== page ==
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Aberdeen Inshore Lifeboat in multi-agency operation to assist 5 young rowers

Lifeboats News Release

Aberdeen’s inshore lifeboat launched at 3pm this afternoon, Saturday 9 February, responding to a request from HM Coastguard following reports from a ship moored in the harbour of a group of rowers in difficulty in the River Dee channel, downstream of Victoria Bridge.

The River Dee, Aberdeen, with Victoria Bridge in the foreground leading into the harbour further downstream
The River Dee, Aberdeen, with Victoria Bridge in the foreground leading into the harbour further downstream

The rowing crew had capsized while turning their boat at the bridge and were drifting downstream into the harbour. The crew of four young rowers and their cox had partially self-rescued by climbing onto their inverted but inherently-buoyant rowing boat and were sitting clear of the water, awaiting help.

Aberdeen Harbour’s pilot cutter was operating nearby and was quickly on the scene to assist: the girls were taken on board the pilot cutter just as the inshore lifeboat launched, and also as Rescue Helicopter Bond 1, which was airborne on a training exercise locally, arrived and winched their doctor down to provide further assistance if required. The 5 girls were handed into the care of the Scottish Ambulance Service at Aberdeen Lifeboat Station.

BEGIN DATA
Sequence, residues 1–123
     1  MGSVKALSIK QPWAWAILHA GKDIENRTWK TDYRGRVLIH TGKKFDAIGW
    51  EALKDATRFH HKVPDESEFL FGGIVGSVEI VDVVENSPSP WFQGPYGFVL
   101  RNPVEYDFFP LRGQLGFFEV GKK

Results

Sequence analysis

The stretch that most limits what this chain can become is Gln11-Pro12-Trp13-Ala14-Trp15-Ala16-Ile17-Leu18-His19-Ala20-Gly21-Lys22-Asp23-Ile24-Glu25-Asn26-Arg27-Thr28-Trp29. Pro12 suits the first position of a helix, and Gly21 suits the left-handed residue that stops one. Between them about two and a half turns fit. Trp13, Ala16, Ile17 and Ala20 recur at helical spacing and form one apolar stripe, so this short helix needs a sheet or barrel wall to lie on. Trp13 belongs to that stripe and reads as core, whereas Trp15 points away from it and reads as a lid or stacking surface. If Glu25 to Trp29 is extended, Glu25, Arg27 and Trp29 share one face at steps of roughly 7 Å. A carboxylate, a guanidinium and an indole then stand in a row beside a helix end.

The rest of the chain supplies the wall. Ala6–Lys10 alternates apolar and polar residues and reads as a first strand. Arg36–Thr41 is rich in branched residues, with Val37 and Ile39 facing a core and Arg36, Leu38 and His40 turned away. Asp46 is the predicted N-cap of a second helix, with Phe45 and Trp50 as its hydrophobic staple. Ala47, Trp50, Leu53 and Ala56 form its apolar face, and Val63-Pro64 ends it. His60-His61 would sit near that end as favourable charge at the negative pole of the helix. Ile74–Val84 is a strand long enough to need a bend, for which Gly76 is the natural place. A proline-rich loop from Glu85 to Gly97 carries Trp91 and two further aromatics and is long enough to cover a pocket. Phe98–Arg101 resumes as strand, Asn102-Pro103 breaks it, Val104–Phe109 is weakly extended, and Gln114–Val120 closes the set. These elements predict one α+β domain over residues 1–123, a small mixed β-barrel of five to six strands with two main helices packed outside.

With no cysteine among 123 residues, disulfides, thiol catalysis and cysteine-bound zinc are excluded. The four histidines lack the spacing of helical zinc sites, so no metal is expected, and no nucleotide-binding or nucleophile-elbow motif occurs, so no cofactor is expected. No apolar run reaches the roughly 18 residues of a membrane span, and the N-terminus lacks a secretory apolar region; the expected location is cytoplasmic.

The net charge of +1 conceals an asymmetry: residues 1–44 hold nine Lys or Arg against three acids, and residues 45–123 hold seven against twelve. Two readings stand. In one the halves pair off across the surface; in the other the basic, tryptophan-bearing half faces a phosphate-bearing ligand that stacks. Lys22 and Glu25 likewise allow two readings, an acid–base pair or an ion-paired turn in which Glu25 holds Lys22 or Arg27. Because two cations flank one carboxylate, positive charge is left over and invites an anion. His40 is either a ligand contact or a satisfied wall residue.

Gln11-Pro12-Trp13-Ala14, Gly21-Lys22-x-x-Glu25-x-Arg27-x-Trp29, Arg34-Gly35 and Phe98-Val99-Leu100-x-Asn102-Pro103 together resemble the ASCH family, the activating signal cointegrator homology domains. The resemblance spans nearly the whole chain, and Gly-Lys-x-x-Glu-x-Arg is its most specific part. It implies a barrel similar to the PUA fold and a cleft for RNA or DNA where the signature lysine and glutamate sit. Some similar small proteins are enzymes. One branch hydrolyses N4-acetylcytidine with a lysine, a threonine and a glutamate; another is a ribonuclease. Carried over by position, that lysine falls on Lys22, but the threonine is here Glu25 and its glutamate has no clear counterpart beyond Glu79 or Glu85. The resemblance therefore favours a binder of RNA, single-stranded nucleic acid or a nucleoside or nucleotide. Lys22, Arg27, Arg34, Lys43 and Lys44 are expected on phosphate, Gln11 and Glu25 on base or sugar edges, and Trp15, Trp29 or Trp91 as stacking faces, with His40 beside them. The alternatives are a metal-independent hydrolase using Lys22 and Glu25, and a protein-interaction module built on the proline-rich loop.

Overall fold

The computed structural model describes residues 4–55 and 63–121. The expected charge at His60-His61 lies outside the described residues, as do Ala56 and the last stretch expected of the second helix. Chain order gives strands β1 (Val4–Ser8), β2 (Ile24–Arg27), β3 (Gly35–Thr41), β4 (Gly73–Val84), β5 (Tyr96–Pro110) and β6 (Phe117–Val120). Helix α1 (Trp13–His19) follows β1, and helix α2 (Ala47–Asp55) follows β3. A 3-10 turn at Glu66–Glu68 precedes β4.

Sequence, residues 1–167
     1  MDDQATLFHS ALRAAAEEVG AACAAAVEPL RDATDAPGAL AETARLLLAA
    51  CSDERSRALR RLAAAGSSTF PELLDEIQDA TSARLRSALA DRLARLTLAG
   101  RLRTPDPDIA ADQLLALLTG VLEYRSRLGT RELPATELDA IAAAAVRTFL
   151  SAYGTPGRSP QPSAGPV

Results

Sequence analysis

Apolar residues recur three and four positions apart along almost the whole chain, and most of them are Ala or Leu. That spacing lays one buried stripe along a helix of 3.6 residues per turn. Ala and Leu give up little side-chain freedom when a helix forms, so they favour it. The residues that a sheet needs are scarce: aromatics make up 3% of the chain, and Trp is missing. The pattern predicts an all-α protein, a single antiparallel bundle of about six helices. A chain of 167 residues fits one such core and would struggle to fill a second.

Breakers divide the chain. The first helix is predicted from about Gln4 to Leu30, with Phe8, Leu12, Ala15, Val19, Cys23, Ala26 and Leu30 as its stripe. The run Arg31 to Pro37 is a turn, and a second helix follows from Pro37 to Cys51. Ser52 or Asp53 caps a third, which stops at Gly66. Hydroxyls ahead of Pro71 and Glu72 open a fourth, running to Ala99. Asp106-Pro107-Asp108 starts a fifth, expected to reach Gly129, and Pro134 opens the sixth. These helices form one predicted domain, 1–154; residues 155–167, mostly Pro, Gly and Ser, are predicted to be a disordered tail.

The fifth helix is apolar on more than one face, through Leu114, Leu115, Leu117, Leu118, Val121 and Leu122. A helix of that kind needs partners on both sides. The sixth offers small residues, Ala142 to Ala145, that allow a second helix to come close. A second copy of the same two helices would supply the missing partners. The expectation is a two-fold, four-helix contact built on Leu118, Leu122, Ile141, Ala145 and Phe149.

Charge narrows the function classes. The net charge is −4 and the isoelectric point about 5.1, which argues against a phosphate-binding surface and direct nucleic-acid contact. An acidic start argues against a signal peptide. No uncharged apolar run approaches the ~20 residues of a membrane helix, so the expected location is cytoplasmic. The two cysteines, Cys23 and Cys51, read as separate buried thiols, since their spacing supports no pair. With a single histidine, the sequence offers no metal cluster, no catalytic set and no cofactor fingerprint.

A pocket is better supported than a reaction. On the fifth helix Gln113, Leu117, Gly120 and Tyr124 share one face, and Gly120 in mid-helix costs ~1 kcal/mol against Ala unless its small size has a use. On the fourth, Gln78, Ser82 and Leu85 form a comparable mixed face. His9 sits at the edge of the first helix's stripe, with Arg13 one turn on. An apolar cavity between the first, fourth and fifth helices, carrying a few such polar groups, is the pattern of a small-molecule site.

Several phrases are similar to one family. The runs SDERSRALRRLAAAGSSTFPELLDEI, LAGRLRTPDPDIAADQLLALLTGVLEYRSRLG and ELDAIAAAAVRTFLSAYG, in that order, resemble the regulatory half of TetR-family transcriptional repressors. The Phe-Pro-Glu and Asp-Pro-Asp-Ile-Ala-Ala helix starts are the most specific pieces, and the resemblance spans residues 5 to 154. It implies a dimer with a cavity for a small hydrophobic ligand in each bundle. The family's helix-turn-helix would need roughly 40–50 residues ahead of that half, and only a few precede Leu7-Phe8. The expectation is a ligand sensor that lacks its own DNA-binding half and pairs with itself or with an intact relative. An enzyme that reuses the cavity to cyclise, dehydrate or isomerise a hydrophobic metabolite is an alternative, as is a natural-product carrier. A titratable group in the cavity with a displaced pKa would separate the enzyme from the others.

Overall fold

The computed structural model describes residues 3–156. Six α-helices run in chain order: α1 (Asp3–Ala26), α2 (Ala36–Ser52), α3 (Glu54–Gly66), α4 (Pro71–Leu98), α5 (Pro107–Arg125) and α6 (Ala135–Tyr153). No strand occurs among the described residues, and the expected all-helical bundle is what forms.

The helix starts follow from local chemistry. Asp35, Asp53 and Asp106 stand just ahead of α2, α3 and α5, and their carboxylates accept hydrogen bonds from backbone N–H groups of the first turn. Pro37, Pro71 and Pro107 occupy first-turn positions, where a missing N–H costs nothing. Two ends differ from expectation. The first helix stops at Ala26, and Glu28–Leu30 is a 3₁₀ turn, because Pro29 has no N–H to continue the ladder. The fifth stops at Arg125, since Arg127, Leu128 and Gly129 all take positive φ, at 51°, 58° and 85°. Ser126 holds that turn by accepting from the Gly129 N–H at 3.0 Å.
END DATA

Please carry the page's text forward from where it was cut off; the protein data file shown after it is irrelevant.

With the girls safely ashore, the inshore lifeboat recovered the rowing shell, which had by now drifted down through the harbour, and returned it to the rowing club.

Cal Reed, helm of Aberdeen inshore lifeboat during the operation, says “The girls did well to remain calm and remember their safety drills – staying with their boat, using it for buoyancy and to keep them out of the water. A full array of rescue assets were quickly on scene, but particularly well done to the crew of the pilot cutter for effecting the rescue so quickly. It was a positive outcome for all involved and the lifeboat crew were pleased to be able to assist.”

Aberdeen's inshore lifeboat D-830

RNLI/Mark Gray

Aberdeen's inshore lifeboat D-830

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The RNLI charity saves lives at sea. Its volunteers provide a 24-hour search and rescue service around the United Kingdom and Republic of Ireland coasts. The RNLI operates over 238 lifeboat stations in the UK and Ireland and more than 240 lifeguard units on beaches around the UK and Channel Islands. The RNLI is independent of Coastguard and government and depends on voluntary donations and legacies to maintain its rescue service. Since the RNLI was founded in 1824, its lifeboat crews and lifeguards have saved over 142,700 lives.

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